How to Do the Bare Minimum
Get necessary tasks done without knocking yourself out.
Posted April 8, 2020
There are times in life when our energy ebbs, our spirits are low, and we just don’t feel like facing the day.
And yet we must. Because there’s another new day waiting for us to do something with it.
At times like these, the best we may be able to do is the bare minimum.
Once you’ve gone through enough days conserving your energy by doing just the bare minimum, eventually you’ll be ready to pick up the pace again.
The key to doing the bare minimum, and nothing more, is to define the term for yourself. What is your bare minimum?
If you’re a teenager stuck at home during a quarantine, you might be blessed (or cursed) with no obligations. If you wanted to, you could stay in bed all day and all night for as long as you could stand it. Your bare minimum would be zero, beyond breathing.
But if you’re responsible for the care and feeding of another being, whether human, plant, or animal, your bare minimum includes meeting their basic needs.
Here’s how to figure out (and do) your own personal bare minimum:
1. Take it one day at a time.
When you look at your to-do list, think only about today. You don’t have to decide right now what you will do tomorrow. Your only responsibility today is to do what must be done today.
2. Define today’s minimum.
What’s on your list that absolutely, positively must get done? Nothing else should appear on today’s agenda.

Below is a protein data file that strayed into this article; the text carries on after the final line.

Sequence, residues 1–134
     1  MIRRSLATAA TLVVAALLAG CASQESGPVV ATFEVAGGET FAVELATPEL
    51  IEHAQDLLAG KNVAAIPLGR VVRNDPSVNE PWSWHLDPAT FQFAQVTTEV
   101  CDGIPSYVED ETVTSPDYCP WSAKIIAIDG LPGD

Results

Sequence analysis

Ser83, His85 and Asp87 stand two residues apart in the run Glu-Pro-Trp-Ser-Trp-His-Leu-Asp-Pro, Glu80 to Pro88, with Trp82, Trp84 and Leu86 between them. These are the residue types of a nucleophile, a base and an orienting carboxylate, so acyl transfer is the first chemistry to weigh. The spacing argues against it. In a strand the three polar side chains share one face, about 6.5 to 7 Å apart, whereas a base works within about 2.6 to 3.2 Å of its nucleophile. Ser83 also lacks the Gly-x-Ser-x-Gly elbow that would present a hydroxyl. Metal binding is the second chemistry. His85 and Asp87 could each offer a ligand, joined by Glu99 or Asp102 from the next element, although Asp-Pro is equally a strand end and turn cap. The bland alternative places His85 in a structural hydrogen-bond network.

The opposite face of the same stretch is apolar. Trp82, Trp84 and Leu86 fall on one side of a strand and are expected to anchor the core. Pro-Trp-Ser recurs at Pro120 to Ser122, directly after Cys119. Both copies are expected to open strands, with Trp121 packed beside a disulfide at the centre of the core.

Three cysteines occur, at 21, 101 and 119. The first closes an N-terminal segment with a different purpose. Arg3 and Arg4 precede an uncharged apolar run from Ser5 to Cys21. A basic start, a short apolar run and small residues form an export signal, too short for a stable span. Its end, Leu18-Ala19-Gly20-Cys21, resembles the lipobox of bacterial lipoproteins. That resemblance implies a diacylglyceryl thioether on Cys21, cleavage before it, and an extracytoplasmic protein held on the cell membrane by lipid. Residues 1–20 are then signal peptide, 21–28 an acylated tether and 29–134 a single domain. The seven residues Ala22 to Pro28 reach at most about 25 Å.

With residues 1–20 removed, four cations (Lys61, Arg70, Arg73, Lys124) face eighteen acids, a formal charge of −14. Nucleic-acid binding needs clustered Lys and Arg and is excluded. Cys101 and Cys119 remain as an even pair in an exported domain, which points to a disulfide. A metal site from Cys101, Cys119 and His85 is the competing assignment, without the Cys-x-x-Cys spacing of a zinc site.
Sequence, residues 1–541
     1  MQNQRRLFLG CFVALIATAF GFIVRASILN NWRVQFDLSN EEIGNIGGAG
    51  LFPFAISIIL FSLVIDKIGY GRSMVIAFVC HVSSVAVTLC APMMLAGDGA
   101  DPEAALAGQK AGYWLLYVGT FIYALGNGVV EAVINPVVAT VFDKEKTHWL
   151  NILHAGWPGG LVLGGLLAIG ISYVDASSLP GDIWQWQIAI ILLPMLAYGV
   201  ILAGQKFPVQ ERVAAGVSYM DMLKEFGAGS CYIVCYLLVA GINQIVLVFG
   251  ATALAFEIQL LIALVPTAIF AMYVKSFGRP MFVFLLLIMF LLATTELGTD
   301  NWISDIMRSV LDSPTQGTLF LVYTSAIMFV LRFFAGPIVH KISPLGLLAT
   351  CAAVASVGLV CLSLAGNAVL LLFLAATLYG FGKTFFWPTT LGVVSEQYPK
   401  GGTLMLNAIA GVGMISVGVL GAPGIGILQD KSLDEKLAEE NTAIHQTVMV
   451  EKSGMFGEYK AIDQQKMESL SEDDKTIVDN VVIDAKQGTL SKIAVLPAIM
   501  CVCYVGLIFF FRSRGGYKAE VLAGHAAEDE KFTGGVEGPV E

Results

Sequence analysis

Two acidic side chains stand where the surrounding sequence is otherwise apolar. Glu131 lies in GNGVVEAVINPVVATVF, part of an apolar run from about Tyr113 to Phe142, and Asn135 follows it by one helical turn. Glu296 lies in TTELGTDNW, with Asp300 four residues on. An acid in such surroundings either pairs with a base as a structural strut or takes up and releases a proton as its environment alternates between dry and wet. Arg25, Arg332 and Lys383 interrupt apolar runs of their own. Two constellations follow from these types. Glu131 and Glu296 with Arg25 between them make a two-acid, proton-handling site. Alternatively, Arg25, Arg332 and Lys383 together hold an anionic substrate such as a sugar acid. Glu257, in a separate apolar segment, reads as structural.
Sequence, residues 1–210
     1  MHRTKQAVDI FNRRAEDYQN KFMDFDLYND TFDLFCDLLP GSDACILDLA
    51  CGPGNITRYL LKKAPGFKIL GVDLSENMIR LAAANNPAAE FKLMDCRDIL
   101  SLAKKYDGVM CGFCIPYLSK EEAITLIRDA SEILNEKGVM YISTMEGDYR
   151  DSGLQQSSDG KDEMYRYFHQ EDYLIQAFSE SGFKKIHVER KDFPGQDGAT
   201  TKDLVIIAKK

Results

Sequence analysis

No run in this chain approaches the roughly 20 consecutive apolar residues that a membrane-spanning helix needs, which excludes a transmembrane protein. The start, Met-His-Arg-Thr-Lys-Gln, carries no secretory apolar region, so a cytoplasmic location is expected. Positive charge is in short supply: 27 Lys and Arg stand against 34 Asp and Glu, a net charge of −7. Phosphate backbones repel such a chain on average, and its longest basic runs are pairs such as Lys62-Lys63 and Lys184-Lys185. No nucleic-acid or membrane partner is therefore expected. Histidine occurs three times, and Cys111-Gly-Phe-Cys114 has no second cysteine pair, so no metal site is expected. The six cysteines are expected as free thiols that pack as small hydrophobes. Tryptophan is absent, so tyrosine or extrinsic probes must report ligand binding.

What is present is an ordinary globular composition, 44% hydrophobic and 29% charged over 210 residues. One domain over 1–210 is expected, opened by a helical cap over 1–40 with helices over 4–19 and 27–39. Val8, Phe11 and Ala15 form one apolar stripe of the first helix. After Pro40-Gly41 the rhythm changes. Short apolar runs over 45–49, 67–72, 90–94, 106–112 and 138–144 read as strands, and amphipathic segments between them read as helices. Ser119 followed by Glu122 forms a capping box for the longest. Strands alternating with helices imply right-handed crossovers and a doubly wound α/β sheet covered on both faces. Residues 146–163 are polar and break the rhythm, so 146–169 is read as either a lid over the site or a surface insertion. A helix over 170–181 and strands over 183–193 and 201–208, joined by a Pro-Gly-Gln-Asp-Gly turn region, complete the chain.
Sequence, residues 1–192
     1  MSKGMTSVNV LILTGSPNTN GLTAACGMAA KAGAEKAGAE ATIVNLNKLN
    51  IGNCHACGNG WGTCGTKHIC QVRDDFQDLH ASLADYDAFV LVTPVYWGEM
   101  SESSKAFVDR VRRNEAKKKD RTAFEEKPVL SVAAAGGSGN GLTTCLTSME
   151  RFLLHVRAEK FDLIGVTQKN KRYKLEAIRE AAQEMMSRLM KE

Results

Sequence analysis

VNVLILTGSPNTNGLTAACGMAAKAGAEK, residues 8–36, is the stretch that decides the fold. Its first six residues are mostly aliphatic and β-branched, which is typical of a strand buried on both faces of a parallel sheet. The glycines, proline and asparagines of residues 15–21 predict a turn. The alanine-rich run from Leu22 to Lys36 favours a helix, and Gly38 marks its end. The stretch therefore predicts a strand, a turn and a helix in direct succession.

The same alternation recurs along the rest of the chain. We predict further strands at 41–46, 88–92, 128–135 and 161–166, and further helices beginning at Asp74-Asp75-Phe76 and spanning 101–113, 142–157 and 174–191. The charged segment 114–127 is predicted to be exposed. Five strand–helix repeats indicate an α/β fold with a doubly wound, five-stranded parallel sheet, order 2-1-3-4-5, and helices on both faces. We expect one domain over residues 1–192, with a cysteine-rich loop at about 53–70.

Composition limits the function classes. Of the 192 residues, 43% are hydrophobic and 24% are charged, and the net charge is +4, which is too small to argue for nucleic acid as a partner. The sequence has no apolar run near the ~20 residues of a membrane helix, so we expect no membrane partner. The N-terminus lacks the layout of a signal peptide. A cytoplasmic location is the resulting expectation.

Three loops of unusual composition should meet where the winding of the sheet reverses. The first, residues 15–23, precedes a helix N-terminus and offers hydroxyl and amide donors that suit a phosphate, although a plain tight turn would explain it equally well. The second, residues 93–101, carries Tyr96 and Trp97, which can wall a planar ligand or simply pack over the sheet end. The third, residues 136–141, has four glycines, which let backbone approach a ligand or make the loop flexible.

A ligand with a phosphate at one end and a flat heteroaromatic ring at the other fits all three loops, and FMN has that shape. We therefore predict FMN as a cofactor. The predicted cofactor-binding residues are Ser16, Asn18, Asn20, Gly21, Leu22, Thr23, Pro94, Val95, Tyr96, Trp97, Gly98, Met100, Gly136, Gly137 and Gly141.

Don’t crowd your list with chores just because you have a few free hours. If you can vacuum the living room today, you could probably just as well do it tomorrow or next week. Cross it off today’s bare minimum list unless the Queen is coming to visit in the next 12 hours.
3. Choose the easiest path.
For each task that you absolutely must do today, ask yourself what’s the easiest way to do it.
Need to eat? What’s the easiest meal you could make? If you don’t want to cook or there’s nothing in the house to eat, what’s the easiest way to obtain a meal?
Everyone’s different. One person may be overwhelmed by the thought of going to the grocery store. Another may find doing so much easier than cooking, or even ordering in.
Pay attention to what’s easiest for you, just for today. Your version of easy might be different on different days.
4. Take your time.
When you’re in your bare minimum mode, there’s no need for perpetual motion. Feel free to pause, sit, lie down, look out the window, pace, or daydream before going on to the next activity.
This is not a day to hurry. Doing the bare minimum is the opposite of being in a rush.
5. Don’t multitask.
Even on your best days, single-tasking beats multitasking for productivity. Do just one thing at a time.
6. Cut yourself a lot of slack.
You made a decision: Nothing is required of you today beyond the bare minimum. So don’t be rude and call yourself names just because you’re taking it easy.
On a bare-minimum day, you don’t have to be a slave driver. If you do the absolute bare minimum, you are successful.
7. Acknowledge that you had a bare-minimum day.
Notice what you did, congratulate yourself for getting done what absolutely needed to be done. Then think about whether you’d like to do it again tomorrow.
Don’t let empty moralizing — yours or anyone else’s — cloud your judgment. You don’t have to fill every hour with productive output. You’re not a machine.
Listen to your body and your spirit. If you feel pulled toward spending time in bare-minimum mode, you probably need the rest.
To everything there is a season. Doing the bare minimum may be your season right now. Honor your own rhythms and do the bare minimum intentionally, with self-compassion.
If you do this wholeheartedly, another season will come around in due time.